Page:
There are any numbers of factors that influence or are associated with birth outcomes. These include race, ethnicity, income, diet, and lifestyle issues such as smoking, exercise, and alcohol consumption. It is very clear that in the US, and globally, members of minority populations and individuals who are poor are more likely to be exposed to and suffer adverse outcomes from environmental health hazards. (more…)

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By Susan F. Katz, MD In avoiding exposures to toxicants in the developing fetus, I believe our goal should be to be proactive and preventive. We should take into account all three trimesters as well as periods of continuing neonatal development into infancy and early childhood. We should not have to be reactive to widespread damage found years after a toxicant has entered the environment. This is especially true for those toxicants which are persistent and bioaccumulative in reproductive aged females. These stored toxicants are released during pregnancy along with the fat stores required to nourish and supply energy to the fetus.

Landrigan PJ, Goldman LR. 2011. Children’s vulnerability to toxic chemicals: a challenge and opportunity to strengthen health and environmental policy. Health Aff (Millwood) 30(5): 842-850. (more…)

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 There is a growing body of research that shows how fetal exposures to chemicals found in everyday products may be implicated in the rising rates of health problems seen in children and adults such as diabetes, infertility, obesity, neurodevelopment disorders, and cancer. Unfortunately our current regulatory system is not working to protect us, nor the most vulnerable among us – including the growing fetus — from exposures to these chemicals.

One class of chemicals that has seen increased interest over the past ten years is endocrine disrupting chemicals (EDCs). Low-level exposures to EDCs during critical times of fetal growth may interfere with the hormone signaling that is vital to normal growth and development and gene functioning. Research is now showing that exposures to these chemicals can cause changes in how genes work, impacting which genes are turned on and off and when, increasing that child’s risk for chronic diseases such as obesity. (more…)

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By Laura Anderko, PhD RN.- We are exposed to industrial chemicals in the environment throughout our lives. But because growth is rapid and basic organ systems are under development during the prenatal and early childhood period, exposures during those times may have greater impact on our health than exposures when we are adults. Prenatal exposures to some toxins can harm the fetus at levels that have no obvious effect on the mother. Moreover, some parental exposures even in the preconception period may harm the future child.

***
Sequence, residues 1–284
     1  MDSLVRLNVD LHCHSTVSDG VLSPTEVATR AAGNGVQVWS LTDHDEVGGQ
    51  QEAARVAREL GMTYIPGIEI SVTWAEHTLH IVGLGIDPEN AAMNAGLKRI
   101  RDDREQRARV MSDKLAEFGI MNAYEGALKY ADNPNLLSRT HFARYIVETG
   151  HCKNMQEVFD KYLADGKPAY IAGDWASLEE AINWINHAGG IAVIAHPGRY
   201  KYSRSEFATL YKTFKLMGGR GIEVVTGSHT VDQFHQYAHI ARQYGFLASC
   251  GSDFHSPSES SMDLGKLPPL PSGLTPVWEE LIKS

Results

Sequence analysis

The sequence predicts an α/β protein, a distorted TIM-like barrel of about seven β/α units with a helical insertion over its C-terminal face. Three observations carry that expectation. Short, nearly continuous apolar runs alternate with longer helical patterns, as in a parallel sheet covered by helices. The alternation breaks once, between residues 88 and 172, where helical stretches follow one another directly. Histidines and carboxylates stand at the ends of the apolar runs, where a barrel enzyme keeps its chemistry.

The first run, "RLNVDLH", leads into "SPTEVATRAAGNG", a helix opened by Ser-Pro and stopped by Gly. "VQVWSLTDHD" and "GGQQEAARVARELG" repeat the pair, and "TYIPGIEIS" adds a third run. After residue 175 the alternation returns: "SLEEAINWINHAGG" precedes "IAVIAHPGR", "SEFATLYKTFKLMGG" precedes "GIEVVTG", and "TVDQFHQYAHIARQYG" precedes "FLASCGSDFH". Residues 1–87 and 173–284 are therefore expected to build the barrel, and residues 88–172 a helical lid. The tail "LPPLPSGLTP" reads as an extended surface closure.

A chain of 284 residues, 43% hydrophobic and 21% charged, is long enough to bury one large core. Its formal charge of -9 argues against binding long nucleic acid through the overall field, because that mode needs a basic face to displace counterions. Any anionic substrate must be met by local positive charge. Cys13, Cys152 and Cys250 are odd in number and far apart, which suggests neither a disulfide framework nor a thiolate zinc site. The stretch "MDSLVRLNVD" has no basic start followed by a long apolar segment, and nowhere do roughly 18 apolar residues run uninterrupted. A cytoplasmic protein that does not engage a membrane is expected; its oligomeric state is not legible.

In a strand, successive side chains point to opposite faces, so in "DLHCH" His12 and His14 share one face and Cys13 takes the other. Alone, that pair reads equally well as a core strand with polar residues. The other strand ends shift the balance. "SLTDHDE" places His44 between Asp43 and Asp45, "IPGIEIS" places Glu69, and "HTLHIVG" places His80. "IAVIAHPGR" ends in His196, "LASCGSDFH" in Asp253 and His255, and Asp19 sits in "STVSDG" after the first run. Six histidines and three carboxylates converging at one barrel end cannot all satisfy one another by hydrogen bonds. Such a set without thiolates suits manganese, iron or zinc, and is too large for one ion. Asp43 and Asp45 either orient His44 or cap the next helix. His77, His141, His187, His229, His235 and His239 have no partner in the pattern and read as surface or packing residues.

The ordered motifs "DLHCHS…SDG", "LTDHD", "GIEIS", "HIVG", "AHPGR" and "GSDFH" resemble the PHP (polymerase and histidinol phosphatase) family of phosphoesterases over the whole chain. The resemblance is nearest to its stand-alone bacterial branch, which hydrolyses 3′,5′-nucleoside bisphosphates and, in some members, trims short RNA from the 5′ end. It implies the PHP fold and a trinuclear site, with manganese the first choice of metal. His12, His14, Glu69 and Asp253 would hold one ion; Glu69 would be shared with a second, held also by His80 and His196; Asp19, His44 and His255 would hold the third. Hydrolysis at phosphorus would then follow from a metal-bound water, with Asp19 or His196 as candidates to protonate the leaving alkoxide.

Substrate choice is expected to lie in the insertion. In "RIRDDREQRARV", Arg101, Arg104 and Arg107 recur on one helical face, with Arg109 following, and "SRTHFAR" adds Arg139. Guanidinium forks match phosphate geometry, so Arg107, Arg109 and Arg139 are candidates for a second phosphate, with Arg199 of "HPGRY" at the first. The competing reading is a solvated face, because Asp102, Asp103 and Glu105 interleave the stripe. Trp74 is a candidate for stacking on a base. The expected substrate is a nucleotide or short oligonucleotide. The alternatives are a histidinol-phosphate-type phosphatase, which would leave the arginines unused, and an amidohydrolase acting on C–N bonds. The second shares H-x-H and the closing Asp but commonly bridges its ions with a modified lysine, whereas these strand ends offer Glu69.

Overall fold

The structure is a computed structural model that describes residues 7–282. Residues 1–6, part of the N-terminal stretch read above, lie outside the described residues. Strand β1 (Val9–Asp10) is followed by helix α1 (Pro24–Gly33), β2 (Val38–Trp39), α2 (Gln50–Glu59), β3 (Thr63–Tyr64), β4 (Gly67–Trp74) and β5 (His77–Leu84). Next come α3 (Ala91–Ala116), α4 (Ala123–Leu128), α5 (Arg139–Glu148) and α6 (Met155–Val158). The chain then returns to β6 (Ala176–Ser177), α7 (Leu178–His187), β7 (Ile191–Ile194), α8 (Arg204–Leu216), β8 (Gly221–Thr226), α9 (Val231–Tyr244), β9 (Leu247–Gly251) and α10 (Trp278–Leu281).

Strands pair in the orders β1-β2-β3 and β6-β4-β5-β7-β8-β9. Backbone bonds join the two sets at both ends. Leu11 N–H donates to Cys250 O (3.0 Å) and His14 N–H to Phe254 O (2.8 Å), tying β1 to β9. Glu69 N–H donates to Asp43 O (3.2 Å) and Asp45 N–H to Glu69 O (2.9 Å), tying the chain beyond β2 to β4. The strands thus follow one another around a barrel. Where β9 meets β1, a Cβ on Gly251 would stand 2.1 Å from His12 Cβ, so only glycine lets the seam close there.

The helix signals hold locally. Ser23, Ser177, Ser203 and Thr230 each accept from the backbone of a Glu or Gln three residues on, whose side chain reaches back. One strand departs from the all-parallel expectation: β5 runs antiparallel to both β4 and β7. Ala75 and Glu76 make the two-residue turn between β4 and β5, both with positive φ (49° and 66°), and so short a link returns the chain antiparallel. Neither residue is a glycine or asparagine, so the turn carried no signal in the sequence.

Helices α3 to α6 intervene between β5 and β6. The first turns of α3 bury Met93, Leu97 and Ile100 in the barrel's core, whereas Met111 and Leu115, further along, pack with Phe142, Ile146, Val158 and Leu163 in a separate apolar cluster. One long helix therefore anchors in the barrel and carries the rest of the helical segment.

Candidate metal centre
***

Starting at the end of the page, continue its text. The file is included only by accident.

Environmental Protection Agency (2012). Mercury: Human Exposure, Retrieved January 20, 2012.

2. Chalupka, S. & Chalupka, A. (2010). The impact of environmental and occupational exposures on reproductive health. JOGNN, 39, 84-102.

The prevention of avoidable harm is a crucial role of healthcare providers, public health practitioners, and health advocates. To be effective, such prevention must encompass the entire life span, and focus special attention on the periods of greatest vulnerability. Foremost among those is the prenatal period. This month we explore the vulnerability of the developing fetus, as well as the limits of the current regulatory system to address this vulnerability.

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 by Maye Thompson, RN, PhD

Philip Landrigan MD, MSc Professor & Chairman  Department of Community and Preventive Medicine Mount Sinai School of Medicine New York

Environmental Threats to Healthy Aging presents the most comprehensive compilation of information on the impact of the environment on neurodegenerative diseases. It weaves complex cutting-edge research information in this area and presents it in a manner that the average reader can comprehend. I know of no other work which has dealt with this subject with caring and social responsibility and a deep understanding of the environmental challenges to our health. Nasser H. Zawia, PhD  Professor of Pharmacology and Toxicology Department of Biomedical Sciences

University of Rhode Island

In regard to the science, much of the science “on the bench” right now continues to raise concerns about the safety of chemicals we are exposed to every day. I anticipate that scientists will continue to provide us with research revealing that endocrine disruptors affecting the androgen-estrogen axis will also affect the thyroid and insulin/digestive hormone systems. I expect that we will also learn more about how thyroid disruptors affect neurodevelopment in utero.

I also see trends in the science on exposure to heavy metals. Lead and mercury will be joined by cadmium and manganese as metals to which the public is exposed at harmful levels. This highlights the findings, so well laid out by Jill Stein in her monograph Environmental Threats to Healthy Aging, about the cumulative effects of exposure to chemicals such as lead that we tend to think of as pediatric issues but that have effects throughout the lifespan. (more…)